Tag Archives: Harry Potter and the Deathly Hallows

Grace: He knew you’d want to come back

Harry Potter and the Deathly Hallows

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My favourite line in the Harry Potter series comes in the last of the seven books, Harry Potter and the Deathly HallowsThe three friends are on the run, confused by the seemingly inadequate clues left by the late Professor Dumbledore, and unsure of what to do next.  They fall to squabbling among themselves, and partly in anger and partly in fear for his family, Ron runs out on Harry and Hermione.  The problem was that, given the nature of their nomadic existence, once Ron had left them there was no way he could find them again.  A deluminator, a gift left to him in Dumbledore’s will, provided the way.  It picked up Hermione’s voice like a radio transmitter and allowed him to home in on where they were.  When he told Harry how he had found them (just in time to save Harry’s life) Ron said, “He – well, he must’ve known I’d run out on you.”

“No,” Harry corrected him.  “He must’ve known you’d always want to come back.”

I find myself deeply moved by Harry’s correction.  What a gift to give his friend.  It speaks volumes of grace and forgiveness, of welcome and belonging.  How easy it would have been, how natural, for Harry to have said, “Yeah.”  In the film version, Harry Potter and the Deathly Hallows: Part 1, Ron simply says, “Dumbledore must’ve known I would want to get back.” I think they missed it.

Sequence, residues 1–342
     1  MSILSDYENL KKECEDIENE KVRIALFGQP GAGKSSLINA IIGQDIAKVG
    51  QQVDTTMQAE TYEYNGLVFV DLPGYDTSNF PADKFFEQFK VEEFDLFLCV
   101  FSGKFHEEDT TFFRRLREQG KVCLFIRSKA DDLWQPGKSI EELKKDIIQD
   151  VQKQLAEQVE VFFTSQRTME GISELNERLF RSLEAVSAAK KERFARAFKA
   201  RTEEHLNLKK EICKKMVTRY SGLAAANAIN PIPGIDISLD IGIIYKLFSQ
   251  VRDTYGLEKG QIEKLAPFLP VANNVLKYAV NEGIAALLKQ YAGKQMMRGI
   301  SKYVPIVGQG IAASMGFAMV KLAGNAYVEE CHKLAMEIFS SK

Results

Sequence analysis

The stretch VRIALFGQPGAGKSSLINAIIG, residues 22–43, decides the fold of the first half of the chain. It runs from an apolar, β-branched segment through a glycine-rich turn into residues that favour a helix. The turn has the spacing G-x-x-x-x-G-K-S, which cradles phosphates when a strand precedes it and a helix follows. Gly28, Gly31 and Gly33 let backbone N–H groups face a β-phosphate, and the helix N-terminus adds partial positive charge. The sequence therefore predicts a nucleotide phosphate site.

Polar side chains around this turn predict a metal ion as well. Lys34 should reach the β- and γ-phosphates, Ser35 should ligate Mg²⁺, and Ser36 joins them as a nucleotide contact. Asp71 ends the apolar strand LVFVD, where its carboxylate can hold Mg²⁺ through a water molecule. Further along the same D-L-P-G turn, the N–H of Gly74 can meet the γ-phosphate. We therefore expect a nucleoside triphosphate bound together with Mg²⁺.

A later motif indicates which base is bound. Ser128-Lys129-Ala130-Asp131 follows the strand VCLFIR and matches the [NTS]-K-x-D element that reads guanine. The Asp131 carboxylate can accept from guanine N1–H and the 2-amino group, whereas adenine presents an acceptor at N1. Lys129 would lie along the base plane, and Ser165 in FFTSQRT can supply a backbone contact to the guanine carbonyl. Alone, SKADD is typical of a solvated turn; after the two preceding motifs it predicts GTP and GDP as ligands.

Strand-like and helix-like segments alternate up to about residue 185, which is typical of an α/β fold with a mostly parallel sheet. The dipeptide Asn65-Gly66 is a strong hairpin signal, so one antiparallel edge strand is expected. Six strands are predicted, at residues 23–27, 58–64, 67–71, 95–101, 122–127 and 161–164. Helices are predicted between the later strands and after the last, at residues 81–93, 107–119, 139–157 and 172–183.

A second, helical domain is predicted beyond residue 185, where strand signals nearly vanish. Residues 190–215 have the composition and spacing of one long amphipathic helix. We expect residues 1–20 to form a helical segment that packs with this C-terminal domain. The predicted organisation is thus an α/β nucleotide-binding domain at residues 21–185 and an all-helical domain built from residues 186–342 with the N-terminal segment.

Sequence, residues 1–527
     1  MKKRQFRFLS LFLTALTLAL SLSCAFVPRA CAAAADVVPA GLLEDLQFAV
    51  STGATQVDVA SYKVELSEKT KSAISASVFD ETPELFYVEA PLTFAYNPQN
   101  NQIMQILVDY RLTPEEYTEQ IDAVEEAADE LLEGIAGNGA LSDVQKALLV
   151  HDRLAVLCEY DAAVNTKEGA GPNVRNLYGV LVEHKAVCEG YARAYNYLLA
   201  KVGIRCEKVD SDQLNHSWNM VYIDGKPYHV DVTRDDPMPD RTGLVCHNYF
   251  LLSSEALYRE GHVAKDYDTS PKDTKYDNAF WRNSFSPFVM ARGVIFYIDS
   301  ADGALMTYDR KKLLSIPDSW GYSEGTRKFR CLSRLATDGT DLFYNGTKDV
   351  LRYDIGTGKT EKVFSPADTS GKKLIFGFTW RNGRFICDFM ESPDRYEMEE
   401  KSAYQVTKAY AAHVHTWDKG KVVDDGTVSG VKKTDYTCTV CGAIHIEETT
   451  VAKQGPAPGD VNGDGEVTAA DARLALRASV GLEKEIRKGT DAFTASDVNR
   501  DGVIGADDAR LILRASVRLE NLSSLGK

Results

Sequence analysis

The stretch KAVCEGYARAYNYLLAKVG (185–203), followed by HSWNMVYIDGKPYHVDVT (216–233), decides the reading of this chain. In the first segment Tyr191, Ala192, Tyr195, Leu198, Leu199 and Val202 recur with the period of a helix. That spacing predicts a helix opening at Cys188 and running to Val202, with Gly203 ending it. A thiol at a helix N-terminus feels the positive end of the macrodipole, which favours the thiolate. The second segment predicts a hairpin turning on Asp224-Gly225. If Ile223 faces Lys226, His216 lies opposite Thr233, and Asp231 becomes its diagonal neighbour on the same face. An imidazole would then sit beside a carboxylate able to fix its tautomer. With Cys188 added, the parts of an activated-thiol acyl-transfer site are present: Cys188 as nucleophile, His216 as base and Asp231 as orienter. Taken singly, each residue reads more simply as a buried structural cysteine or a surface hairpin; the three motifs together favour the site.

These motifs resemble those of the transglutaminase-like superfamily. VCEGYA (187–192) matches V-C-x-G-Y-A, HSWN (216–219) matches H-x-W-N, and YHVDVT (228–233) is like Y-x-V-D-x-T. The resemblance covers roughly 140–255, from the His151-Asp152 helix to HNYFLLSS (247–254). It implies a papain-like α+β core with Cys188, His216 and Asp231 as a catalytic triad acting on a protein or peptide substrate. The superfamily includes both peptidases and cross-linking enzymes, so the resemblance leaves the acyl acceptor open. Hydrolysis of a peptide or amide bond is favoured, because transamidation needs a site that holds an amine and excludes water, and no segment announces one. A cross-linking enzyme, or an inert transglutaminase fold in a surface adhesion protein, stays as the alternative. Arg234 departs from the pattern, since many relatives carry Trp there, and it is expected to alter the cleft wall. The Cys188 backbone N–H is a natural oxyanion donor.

I wonder how often we have the opportunity to offer grace and forgiveness, welcome and a sense of belonging, but end up agreeing with another’s sense of failure and despair.  Sometimes we have grace in our hearts, which we fail to express.  Sometimes words get in the way and there is misunderstanding; sometimes our pride or sense of fairness, perhaps, gets in the way and we fail to bridge the gap or offer hope.  At work managers are just too busy, and we fail to recognise the significance of such moments in employee’s lives.  We confirm an employee’s failure without offering any understanding or any way forward; we focus on mistakes and ignore the positives and successes as unimportant or insignificant.  We leave others hanging with, “he must’ve known I’d run out on you”, when there is so much more we could offer. 


Filed under Grace and Law, Harry Potter, Odds & Ends